8. The cardiotachometer of claim 7 wherein said first gate means comprises a first and gate having a first input coupled to said first flip-flop output and a second input coupled to said first pulse generating means.
9. The cardiotachometer of claim 8 wherein said second heart beat interval select means comprises a second flip-flop having a clock input coupled to said first flip-flop output and an output coupled said second gate means to thereby select every other one of said first set of heart beat intervals.
10. The cardiotachometer of claim 9 wherein said second gate means comprises a second and gate having a first input coupled to said second flip-flop output and a second input coupled to said first gate means.
11. The cardiotachometer of claim 9 wherein said third gate means comprises a monostable multivibrator and a third and gate, said monostable multivibrator having an input coupled to said second flip-flop output and an output, said third and gate having a first input coupled to said monostable multivibrator output, a second input coupled to said second pulse generating means, and an output coupled to said divider means.
12. The cardiotachometer of claim 11 wherein said third gate means gates said second pulses for a predetermined time interval of one second.
13. The cardiotachometer of claim 12 wherein said second rate is 3600 Hz whereby said third gate means gates 3600 pulses into said divider means.
14. The cardiotachometer of claim 1 further comprising reset means for resetting and display means and said counter.
15. The cardiotachometer of claim 14 wherein said reset means comprises a monostable multivibrator coupled to said display means and to said counter for resetting said display means and said counter after the heart beat rate has been displayed for a predetermined period of time.
Description
BACKGROUND OF THE INVENTION

1. Field of the Invention

The present invention relates to a cardiotachometer with visual readout and, more particularly, to a cardiotachometer that is worn by a user for determining the pulse rate based upon the time between two consecutive heartbeats after a predetermined delay and for immediately displaying the determined pulse rate numerically.

2. Description of the Prior Art

Heart rate is a basic parameter used to evaluate and determine the condition of the human body. It is for this reason that every patient in every hospital has his or her pulse taken at least once a day. The pulse rate is customarily determined by a nurse placing her fingers against the volar aspect of the wrist or the carotid artery of the neck and counting the number of beats per minute.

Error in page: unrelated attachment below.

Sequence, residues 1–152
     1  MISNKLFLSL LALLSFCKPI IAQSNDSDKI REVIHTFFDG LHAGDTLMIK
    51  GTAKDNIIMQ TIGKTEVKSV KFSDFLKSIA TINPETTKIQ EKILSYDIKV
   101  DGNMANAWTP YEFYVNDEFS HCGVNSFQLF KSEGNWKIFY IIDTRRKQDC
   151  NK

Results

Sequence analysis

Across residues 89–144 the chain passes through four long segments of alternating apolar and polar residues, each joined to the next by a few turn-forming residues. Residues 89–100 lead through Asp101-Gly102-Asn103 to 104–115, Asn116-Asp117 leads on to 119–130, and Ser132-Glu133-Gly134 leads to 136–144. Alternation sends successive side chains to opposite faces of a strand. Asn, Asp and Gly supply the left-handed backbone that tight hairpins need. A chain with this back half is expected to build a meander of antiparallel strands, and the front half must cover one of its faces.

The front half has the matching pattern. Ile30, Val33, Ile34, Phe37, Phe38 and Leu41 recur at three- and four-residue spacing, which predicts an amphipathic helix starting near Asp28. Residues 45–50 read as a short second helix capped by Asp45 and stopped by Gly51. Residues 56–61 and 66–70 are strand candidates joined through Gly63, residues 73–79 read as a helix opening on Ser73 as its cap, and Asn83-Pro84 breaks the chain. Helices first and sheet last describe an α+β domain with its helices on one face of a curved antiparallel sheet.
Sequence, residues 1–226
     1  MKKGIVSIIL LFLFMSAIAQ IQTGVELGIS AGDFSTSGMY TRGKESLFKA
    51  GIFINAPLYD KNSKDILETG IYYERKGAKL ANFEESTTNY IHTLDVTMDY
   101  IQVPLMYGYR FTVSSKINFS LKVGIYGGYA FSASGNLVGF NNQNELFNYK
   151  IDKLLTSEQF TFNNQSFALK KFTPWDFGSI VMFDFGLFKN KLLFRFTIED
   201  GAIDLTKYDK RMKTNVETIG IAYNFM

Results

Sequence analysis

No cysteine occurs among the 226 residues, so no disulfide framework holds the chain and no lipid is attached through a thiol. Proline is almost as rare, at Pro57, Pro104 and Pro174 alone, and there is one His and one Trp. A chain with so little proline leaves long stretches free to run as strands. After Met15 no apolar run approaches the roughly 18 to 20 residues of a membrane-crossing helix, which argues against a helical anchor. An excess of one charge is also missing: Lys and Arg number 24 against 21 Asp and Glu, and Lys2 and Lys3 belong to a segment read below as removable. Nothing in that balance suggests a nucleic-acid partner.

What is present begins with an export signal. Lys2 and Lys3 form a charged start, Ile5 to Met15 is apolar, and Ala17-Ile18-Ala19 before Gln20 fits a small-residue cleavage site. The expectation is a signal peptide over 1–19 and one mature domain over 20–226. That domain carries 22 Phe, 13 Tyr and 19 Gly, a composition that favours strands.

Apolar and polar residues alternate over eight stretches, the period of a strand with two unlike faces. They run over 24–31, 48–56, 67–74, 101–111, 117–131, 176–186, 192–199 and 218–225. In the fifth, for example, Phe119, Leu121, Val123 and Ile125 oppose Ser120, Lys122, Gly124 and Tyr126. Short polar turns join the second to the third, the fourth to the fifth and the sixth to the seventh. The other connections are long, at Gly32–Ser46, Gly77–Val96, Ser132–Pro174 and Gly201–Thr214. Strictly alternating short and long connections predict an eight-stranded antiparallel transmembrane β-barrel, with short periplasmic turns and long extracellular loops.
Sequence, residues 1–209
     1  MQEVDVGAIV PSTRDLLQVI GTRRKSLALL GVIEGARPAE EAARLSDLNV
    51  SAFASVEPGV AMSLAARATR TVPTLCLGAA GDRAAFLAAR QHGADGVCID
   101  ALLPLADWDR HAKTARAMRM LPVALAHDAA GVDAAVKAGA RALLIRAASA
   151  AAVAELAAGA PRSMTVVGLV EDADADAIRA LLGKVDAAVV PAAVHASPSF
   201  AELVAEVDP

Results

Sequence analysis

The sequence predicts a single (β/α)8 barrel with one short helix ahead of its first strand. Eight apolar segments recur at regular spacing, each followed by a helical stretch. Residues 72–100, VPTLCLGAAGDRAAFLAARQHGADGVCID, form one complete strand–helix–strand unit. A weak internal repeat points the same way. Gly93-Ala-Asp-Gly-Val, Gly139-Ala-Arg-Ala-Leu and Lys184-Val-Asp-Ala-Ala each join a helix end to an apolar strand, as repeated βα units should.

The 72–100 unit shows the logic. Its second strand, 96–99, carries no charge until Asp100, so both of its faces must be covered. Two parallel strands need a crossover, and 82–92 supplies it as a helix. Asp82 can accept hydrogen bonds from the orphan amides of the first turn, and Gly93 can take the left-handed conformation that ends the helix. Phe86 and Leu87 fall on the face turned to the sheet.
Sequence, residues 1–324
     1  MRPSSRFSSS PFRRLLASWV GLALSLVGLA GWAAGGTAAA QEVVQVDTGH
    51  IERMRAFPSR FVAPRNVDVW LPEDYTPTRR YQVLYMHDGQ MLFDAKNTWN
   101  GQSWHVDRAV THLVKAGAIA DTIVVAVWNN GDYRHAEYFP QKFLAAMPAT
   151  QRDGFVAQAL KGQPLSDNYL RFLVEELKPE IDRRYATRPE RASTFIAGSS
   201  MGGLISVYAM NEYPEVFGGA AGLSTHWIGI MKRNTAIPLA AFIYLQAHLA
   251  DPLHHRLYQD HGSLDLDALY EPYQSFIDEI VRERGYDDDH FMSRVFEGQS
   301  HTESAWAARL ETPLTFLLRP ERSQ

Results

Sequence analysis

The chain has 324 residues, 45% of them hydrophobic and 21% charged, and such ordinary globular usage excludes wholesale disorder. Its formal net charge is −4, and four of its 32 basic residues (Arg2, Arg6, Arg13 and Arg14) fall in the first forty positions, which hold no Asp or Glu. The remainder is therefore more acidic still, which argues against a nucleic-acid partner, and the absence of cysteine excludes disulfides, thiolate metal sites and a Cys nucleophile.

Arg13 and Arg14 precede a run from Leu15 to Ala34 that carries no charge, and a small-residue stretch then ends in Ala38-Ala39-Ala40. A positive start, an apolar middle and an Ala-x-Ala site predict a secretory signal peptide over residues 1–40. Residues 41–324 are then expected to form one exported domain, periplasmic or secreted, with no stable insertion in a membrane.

These beats per minute refer to the number of systoles per minute. A systolic heartbeat is that period in the functioning of the heart when it is contracting and forcing blood through the arteries in the course of which the arteries expand. This arterial expansion is that which is sensed through the nurse's fingers or by an appropriate transducer situated against the carotid artery or volar aspect, or any other well-known pressure point.

In the case of a transducer being applied to a pressure point, electrical impulses are produced which may be supplied to appropriate electronic circuitry for determining the systolic pulse rate. In the past, the electronic pulse rate measurement devices have required a relatively long time period to determine the pulse rate.

More recently, electronic pulse rate measurement devices have determined the pulse rate by measuring the time between two consecutive heartbeats. An undesirable feature of this procedure is that movements of the user are not distinguished from the systolic pulse by the transducer and thus false readings occur. To avoid such false readings, electronic pulse rate measuring devices have been designed to average the time intervals over ten or fifteen systolic heartbeats. The averaging technique results in a more accurate indication of pulse rate, but involves too much time for the measurement and error is averaged as well as the desired signals.

The present cardiotachometer utilizes miniaturized, solid state circuits, including a piezoelectric crystal as the pressure transducer to be placed against the volar aspect or the temple of the user. To eliminate the noise signals generated from movement by the patient, a present delay is incorporated during which time the patient must remain quiet to avoid noise input. Then an accurate reading is taken by measuring the time between two consecutive heartbeats.